Explosive K-9s can also be used by road patrol if a suspect flees and ditches a firearm. The dogs can track and locate the gunpowder, thus preventing it from falling into the wrong hands. They are typically docile in nature, but the same no touching rule applies. Breeds associated with Explosive investigations: English Cocker Spaniel, Blood hounds, Basset Hounds, and German Shepherds.

Apprehension/Search K-9s

https://www.youtube.com/watch?v=C5BlHTKDVAg

The true badasses of the K-9 crew. Alpha dogs in more ways than one.  These dogs are fast, strong and have a keen tracking ability. I’ve been bit by them (in training) while wearing a fire-hose forearm wrap. While it did not break skin, the pressure was excruciating and the bruises lasted for days. I’ve also seen them take down suspects in real time. Trust me, you don’t want to be on the receiving end of an apprehension K-9’s bite.

Apprehension K-9s are trained to track and force humans into submission. They bite and don’t let go. You can give them your best punches or kicks or strikes, but a good apprehension K-9 will lock tight and never let go until their handlers issue a command. That is there sole job. These dogs carry no fear and can make the strongest of giants curl up in a ball and cry. They do not play well with others, nor should they.

Apprehension K-9s are typically deployed on patrol and call-outs if the department utilizes perimeter systems or a suspect has hidden in a tactically difficult location (i.e. a drainage pipe). The breeds associated with Apprehension are typically either German or Dutch Shepherds. These are the canines that will rattle a parked police cruiser when you pass by and ferociously bark like savages. Interesting fact: apprehension K-9s must wait several hours after eating and before being deployed, as any grueling activity or excitement can cause fatal stomach bloat.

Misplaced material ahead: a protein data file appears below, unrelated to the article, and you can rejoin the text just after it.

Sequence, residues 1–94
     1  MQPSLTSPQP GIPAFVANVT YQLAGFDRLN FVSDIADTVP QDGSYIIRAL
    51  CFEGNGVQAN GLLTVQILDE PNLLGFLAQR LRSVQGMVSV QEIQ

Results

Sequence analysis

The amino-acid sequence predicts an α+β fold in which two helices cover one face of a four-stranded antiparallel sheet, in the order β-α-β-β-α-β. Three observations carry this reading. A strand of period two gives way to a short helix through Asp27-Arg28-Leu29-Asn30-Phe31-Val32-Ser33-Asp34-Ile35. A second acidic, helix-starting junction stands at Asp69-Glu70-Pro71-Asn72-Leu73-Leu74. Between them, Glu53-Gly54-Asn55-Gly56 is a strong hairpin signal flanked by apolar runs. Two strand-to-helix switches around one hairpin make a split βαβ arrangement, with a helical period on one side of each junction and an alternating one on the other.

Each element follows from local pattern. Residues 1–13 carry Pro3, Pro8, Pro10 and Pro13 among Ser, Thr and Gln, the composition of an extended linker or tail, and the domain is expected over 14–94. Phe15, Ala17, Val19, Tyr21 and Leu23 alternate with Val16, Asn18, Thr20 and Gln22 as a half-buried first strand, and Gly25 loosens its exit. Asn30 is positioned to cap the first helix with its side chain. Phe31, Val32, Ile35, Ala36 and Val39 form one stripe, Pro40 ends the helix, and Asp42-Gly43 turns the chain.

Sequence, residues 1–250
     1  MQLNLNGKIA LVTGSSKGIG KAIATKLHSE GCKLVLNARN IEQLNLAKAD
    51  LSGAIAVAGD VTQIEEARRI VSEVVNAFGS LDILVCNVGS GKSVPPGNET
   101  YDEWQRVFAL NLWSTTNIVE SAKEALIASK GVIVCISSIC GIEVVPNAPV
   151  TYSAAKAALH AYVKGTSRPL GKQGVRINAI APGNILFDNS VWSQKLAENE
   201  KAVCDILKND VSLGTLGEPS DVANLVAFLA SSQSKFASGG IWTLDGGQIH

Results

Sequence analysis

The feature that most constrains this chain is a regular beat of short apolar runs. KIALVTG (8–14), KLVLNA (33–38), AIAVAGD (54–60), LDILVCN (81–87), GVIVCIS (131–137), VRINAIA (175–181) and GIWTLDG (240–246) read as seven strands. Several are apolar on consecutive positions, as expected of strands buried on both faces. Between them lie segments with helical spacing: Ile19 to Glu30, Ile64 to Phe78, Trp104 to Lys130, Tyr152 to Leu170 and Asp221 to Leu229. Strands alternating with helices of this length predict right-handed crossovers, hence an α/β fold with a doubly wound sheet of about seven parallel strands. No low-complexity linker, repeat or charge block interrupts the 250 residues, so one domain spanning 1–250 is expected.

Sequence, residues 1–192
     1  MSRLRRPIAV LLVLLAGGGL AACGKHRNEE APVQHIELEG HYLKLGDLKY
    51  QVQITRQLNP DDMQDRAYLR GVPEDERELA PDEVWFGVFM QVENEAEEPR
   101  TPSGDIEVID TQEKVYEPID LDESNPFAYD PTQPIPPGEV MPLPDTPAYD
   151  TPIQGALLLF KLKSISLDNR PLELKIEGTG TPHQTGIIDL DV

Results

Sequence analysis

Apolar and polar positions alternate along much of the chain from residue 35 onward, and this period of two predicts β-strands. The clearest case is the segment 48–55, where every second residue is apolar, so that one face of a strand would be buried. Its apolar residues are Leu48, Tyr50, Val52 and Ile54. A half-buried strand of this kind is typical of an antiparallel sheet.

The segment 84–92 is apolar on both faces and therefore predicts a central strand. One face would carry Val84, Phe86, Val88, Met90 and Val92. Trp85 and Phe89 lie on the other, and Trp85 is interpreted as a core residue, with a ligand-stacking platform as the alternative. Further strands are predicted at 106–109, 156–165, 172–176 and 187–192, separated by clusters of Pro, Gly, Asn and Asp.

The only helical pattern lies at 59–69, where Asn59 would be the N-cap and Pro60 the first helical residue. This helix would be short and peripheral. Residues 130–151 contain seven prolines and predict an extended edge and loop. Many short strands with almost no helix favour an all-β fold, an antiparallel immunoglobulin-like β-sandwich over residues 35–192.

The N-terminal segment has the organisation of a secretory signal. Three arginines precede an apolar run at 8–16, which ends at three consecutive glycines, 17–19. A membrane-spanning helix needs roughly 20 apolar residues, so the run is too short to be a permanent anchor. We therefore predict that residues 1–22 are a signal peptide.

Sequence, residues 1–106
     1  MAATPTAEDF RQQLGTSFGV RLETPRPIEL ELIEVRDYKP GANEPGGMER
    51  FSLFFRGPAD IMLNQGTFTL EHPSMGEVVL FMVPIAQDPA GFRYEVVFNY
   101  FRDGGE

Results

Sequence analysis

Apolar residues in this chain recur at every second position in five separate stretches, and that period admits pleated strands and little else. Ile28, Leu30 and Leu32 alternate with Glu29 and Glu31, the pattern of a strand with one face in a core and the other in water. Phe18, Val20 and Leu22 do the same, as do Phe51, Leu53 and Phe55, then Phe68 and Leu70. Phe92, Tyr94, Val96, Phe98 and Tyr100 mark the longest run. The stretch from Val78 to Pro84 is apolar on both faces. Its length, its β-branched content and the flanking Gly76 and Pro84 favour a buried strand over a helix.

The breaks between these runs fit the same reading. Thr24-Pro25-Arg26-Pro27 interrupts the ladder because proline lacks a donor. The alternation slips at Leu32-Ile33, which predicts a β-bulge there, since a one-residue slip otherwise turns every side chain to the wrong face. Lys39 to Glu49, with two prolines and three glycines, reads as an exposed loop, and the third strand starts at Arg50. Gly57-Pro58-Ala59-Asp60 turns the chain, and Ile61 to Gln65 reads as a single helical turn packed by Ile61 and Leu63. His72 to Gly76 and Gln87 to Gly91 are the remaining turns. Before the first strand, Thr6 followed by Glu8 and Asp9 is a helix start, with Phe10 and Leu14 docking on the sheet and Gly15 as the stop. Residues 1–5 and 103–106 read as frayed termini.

An offshoot of the Apprehension K-9 is a cadaver (or search) dog. These are not apprehension K-9s, but are utilized for search and rescue purposes. They are typically not trained to bite and often consist of the blood hound or basset hound species.

Final Thoughts

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I cannot stress this enough…no matter how cute they are – DO NOT PET THEM.

Police Dogs are essential tools for law enforcement. They are considered sworn officers in the eyes of the law and have to pass grueling tests and training to be put in the field. Any harmful action against them is typically considered either a felony or is similar to action against a human police officer.

One final mention. Sometimes people complain about K-9s left in running patrol cars while their handlers are inside a store or on a call.  Please put your fears to rest. Police K-9 vehicles are equipped with not only an alarm if the vehicle interior rises to harmful temperatures, but an automated system where the rear windows go down and powerful fans kick on to help keep the dogs cool. So don’t worry. Based on the number of safe spaces in America, these K-9 warriors are tougher than most humans these days (myself included).

Know what we're sayin fam?